It was a horrible depression. It was also a very reasonable response to a fairly hellish situation. My partner identified that she was depressed for herself, and she sought help quickly. But it's interesting to see where that label got us. If she'd stayed at home, cried a lot, neglected the baby, and shouted at me, then Family and Children's Services would probably never have heard of what had happened.
But, although she cried plenty, she didn't neglect the baby or shout at me, instead she did her best to face up what was happening to her. Calling her experience "depression" helped her to deal with it. It helped her to get the attention that she needed from doctors. It gave her (us) a framework within which she could process her emotions, and her distress, and find some healing.
The problem is of course that, in the eyes of many, depression is a pathology. It's a box that can be ticked on a form; a reason that can be given for a rejected application. Never mind that it's just a word that describes - very inadequately - a vast range of human experience.
To be fair to the social services, they did delve into what my partner experienced. The motivation for the second interview was for the worker to explore past episodes of depression that my partner had experienced (and that had surfaced in a doctor's report). In the interview our worker asked questions about what happened, and asked us how we thought we would cope with the stress that fostering might inflict on us... And then a memo was written, and "no" was the deafening reply. One can't help but think that the writing was on the wall as soon as the box was ticked.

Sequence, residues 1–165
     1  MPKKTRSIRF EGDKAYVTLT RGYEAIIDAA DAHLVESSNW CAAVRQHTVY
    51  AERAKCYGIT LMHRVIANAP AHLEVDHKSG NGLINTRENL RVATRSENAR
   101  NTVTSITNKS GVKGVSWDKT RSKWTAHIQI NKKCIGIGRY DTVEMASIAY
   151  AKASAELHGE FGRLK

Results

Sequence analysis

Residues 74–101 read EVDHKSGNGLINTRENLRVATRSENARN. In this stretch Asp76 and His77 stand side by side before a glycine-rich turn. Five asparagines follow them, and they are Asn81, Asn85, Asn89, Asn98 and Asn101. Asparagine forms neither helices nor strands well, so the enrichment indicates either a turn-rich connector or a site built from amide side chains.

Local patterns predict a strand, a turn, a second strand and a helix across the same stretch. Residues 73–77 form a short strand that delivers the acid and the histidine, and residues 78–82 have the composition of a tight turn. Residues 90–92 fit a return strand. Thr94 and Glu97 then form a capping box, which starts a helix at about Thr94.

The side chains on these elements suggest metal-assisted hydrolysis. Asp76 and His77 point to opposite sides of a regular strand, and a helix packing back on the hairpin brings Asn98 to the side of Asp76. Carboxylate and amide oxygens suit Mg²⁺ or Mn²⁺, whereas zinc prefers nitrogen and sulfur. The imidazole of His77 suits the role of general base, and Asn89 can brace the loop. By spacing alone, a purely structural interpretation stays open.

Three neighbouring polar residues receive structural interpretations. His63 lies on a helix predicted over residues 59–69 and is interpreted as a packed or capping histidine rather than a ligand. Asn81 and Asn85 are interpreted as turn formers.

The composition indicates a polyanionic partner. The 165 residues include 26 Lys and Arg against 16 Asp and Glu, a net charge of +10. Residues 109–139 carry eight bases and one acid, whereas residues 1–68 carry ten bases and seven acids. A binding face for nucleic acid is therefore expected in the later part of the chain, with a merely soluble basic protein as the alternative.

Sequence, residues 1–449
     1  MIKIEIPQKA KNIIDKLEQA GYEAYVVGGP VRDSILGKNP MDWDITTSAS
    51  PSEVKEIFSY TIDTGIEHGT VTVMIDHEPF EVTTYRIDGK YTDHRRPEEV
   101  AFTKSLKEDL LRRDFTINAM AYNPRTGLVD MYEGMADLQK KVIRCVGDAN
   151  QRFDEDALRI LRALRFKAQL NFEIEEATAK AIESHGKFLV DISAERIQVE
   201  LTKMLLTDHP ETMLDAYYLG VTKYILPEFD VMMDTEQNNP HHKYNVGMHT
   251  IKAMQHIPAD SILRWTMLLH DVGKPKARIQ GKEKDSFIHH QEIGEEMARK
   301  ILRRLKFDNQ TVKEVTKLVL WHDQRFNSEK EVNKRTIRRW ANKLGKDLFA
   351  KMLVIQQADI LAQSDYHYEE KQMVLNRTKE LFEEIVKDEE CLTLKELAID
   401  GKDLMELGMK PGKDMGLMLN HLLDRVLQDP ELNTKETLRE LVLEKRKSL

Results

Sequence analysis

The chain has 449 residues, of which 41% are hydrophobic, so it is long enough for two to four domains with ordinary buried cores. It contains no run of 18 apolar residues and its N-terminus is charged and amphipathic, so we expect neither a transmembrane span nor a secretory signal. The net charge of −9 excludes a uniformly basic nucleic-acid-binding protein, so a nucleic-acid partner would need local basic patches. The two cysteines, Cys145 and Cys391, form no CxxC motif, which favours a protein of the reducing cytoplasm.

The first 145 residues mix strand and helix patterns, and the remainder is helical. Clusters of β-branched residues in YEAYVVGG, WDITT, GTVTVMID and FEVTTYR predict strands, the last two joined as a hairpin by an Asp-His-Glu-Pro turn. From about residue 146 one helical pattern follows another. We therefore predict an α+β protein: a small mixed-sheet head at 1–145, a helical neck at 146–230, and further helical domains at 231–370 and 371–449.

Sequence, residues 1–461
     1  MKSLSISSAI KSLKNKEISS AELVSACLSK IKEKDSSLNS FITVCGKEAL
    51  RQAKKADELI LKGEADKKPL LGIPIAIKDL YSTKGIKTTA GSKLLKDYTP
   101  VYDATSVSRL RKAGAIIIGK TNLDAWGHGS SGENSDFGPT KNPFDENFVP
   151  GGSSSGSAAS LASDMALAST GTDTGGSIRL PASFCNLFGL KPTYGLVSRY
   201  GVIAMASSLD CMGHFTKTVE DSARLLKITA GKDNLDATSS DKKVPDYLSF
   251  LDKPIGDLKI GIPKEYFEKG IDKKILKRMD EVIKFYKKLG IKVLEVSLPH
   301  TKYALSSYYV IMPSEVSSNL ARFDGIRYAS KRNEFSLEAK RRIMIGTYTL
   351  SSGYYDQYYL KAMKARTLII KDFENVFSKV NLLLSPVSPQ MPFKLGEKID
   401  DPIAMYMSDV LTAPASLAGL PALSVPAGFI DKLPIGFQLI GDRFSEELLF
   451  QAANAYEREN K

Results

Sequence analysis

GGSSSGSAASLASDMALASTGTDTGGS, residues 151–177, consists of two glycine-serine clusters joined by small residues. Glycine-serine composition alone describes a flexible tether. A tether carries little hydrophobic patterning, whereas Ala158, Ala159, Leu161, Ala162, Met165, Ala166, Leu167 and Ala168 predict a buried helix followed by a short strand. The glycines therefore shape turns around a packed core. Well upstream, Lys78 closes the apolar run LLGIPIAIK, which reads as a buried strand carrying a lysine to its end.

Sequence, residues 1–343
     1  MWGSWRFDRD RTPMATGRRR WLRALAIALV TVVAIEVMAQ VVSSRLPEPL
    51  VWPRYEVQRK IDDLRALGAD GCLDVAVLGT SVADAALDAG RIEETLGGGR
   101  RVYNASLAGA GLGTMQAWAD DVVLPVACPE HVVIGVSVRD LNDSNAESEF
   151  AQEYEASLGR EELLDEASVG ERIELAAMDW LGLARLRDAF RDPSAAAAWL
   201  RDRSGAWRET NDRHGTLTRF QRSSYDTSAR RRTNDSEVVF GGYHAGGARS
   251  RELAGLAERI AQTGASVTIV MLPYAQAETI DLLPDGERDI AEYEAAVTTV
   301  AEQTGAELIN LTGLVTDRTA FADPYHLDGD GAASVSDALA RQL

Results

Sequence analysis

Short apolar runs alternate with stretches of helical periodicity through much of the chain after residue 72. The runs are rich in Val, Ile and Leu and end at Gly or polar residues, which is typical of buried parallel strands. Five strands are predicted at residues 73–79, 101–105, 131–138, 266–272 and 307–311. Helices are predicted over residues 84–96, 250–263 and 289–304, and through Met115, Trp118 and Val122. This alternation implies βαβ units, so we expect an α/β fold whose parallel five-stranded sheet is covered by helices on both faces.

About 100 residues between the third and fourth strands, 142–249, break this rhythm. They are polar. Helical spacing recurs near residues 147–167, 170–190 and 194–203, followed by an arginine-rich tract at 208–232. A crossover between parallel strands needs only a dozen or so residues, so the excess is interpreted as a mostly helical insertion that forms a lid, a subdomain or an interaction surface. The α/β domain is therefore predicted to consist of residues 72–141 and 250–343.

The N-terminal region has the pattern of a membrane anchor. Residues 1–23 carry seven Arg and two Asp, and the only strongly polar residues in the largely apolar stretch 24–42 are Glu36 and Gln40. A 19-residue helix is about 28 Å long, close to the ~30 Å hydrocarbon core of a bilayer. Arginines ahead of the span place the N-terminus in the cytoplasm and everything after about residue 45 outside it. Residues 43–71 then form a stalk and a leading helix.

The ideal carer
The depression issue was just one area where somehow our family situation didn't conform to the model that the system has in mind. (For instance, the social worker expressed some bemusement when we explained that we lived with a friend.)
If you live in Bristol you may well have seen posters and adverts across town (on the side of buses and bus shelters especially) encouraging people to adopt. They make a point of saying that ANYONE can adopt - you might be a single black Jewish lesbian pensioner... it's all the same.